Discontent at college

PUBLISHED: 11:59 27 April 2007 | UPDATED: 22:46 28 May 2010

THIS letter is written under a great level of duress. As a student in the Neale-Wade Community College sixth form and having spent five years in the compulsory leg of my education there, I feel a level of loyalty to the college. However, it has come to a

THIS letter is written under a great level of duress. As a student in the Neale-Wade Community College sixth form and having spent five years in the compulsory leg of my education there, I feel a level of loyalty to the college.

However, it has come to a point in which a letter on the subject of what is going wrong with the college must be written.

The issues are numerous and range in seriousness. One of the major issues has been addressed recently. Vertical tutoring, a major point of contention for the whole student body, was defeated when the vote was put to the sixth form over inclusion in the scheme.

Nevertheless, this scheme, as far as any student knows, will be implemented into the rest of the college in the face of open criticism from students of all years who will be included in the scheme. It seems clear this sorry affair is a blatant attempt by the college to gain further positive points from OfSTED in the face of a less-than-wonderful report from a recent investigation.

It seems that the happiness of the students is being sacrificed to OfSTED. Where will this ultimately stop?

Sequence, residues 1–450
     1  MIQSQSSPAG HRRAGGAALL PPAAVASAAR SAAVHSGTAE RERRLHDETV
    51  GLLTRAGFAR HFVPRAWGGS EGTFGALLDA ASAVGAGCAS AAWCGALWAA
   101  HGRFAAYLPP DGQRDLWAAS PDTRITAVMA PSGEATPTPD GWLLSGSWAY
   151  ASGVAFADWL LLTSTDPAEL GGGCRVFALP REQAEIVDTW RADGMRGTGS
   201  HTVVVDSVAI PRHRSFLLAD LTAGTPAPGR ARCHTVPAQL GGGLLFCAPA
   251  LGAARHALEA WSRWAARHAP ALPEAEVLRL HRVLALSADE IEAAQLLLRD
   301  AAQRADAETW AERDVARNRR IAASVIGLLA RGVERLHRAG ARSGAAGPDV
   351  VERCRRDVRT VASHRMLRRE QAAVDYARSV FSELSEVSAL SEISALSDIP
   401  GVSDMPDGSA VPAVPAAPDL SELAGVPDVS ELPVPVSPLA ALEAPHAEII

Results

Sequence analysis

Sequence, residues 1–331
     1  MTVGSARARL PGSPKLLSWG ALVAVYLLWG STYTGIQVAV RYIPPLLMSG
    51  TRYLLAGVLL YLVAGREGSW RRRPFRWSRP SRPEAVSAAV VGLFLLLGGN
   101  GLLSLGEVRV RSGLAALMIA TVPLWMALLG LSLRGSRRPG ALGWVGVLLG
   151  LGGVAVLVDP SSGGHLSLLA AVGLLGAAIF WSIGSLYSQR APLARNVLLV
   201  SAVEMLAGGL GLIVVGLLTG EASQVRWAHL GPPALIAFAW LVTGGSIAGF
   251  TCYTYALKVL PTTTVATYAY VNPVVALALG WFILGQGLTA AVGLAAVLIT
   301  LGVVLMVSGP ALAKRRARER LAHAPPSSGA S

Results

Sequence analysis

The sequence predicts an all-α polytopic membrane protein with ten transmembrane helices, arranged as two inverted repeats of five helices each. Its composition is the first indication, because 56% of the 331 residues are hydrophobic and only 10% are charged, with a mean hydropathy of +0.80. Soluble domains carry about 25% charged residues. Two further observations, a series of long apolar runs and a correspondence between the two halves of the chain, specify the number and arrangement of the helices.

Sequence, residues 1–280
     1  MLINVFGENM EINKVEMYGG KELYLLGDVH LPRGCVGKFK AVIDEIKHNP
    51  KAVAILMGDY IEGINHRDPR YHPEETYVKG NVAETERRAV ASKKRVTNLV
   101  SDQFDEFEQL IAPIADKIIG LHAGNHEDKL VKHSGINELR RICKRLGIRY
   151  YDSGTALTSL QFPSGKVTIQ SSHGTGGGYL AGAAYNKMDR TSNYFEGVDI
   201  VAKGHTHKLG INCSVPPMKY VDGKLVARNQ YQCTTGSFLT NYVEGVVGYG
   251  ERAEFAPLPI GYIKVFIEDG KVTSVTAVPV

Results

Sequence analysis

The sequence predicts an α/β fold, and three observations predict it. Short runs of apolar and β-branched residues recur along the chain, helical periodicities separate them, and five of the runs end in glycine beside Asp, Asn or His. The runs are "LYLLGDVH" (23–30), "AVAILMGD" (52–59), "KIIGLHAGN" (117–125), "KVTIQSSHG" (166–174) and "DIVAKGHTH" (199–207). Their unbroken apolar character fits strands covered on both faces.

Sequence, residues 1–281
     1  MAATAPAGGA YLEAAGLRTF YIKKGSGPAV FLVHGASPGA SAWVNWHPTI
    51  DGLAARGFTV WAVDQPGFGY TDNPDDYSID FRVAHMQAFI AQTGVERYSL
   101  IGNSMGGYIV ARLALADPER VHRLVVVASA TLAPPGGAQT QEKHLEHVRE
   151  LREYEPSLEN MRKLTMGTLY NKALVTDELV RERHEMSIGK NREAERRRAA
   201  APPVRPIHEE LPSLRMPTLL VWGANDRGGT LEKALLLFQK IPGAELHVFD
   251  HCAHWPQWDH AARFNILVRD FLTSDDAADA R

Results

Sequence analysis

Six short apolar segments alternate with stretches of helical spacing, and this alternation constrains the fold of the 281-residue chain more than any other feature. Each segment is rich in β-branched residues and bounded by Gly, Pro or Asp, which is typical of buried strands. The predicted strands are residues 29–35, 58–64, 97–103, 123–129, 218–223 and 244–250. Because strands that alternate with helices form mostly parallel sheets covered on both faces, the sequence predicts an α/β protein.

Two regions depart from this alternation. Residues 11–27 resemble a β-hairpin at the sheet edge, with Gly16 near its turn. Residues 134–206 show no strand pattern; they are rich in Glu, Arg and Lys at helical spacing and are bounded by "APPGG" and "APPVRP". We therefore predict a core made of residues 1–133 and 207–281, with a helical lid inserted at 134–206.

The parting shot on this matter, however, is one of compliment to the college on this matter. It wished to form a united school by using VT, and I must say we have all united - but against it.

The next issue that must be addressed is the construction of large gates on part of the school grounds to stop unpleasant people walking in. This comes in the wake of an insurance company suggestion after an incident involving a member of the public.

However, location of these gates and the stance of keeping them locked at all times apart from before and after school has caused annoyance among the students, mainly sixth form, who use the route across the front of the college to get to lessons. Students now have to walk all around the college to get to the humanities area which includes the library and must also pass a part of the college which is not a pleasant place to pass through, somewhat intimidating to those who have to walk past hordes of teenage boys hell bent on causing trouble for amusement.

I urge the college to act to either re-think the gates or arrange some sort of staff roster which will open and close them between lessons.

Another bone of contention within the sixth form is the loss of rooms which were once for the sixth form exclusively. Now the college says it needs to do this because it doesn't have enough room space. The decision has thus been taken to make two classrooms into rooms for children who cannot be in lessons without disrupting the class. What has happened is the disruption may have stopped in the classroom but what about the mass disruption caused by the upheaval of the sixth form classes that needed to be moved the make these rooms available?

These issues represent a sad case of staff losing touch with the wishes and feelings of the students due to a strange desire to please the rest of the world in the face of several errors which have shown them up.

Whether it be OfSTED or insurance, I can assure the college's ruling elite that the students will not remain silent against these increasingly frequent attacks upon the happy status quo, which are acting not to improve but to destroy.

MATT ROUTLEDGE

Creek Road

March

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